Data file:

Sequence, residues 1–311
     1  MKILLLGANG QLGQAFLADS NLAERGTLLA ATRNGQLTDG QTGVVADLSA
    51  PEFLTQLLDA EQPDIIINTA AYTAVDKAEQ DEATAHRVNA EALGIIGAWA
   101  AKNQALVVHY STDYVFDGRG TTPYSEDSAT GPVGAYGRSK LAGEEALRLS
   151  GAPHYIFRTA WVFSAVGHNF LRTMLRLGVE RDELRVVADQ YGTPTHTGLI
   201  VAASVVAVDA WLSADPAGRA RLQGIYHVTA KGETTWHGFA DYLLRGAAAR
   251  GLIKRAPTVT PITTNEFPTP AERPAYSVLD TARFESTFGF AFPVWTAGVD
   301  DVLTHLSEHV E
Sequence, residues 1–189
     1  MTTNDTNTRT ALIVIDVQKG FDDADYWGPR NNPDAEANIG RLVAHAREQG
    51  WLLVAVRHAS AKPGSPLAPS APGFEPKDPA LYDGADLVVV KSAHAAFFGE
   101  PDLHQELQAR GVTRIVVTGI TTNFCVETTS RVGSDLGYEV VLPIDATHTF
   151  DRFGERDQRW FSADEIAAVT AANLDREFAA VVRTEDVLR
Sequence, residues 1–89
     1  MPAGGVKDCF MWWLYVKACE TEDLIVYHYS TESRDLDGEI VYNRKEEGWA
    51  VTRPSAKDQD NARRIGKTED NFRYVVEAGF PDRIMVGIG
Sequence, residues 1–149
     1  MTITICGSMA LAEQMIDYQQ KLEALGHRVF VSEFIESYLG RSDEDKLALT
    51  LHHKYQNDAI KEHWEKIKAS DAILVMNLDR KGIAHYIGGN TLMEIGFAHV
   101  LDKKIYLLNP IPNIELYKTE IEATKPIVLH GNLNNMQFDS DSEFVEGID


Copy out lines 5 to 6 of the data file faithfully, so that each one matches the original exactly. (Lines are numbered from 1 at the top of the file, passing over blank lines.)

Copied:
   151  GAPHYIFRTA WVFSAVGHNF LRTMLRLGVE RDELRVVADQ YGTPTHTGLI
   201  VAASVVAVDA WLSADPAGRA RLQGIYHVTA KGETTWHGFA DYLLRGAAAR